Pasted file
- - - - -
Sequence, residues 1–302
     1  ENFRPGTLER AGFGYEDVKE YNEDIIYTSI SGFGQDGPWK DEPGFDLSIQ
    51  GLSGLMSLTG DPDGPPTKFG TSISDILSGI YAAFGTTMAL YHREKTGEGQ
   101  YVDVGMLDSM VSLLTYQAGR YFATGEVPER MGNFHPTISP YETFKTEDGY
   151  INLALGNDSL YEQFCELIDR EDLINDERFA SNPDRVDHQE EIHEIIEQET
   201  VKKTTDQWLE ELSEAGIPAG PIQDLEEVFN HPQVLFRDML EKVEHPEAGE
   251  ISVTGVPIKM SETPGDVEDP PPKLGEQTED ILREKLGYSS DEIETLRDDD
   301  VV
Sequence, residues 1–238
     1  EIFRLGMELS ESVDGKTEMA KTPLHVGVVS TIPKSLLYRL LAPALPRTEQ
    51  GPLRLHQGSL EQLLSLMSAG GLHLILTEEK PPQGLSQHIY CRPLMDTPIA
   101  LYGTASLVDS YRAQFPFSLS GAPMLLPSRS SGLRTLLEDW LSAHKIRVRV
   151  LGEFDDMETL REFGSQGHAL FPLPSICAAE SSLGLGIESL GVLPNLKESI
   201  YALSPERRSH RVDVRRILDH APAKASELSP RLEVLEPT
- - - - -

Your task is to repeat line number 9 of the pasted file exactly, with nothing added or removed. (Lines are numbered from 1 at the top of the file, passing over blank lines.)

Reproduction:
Sequence, residues 1–238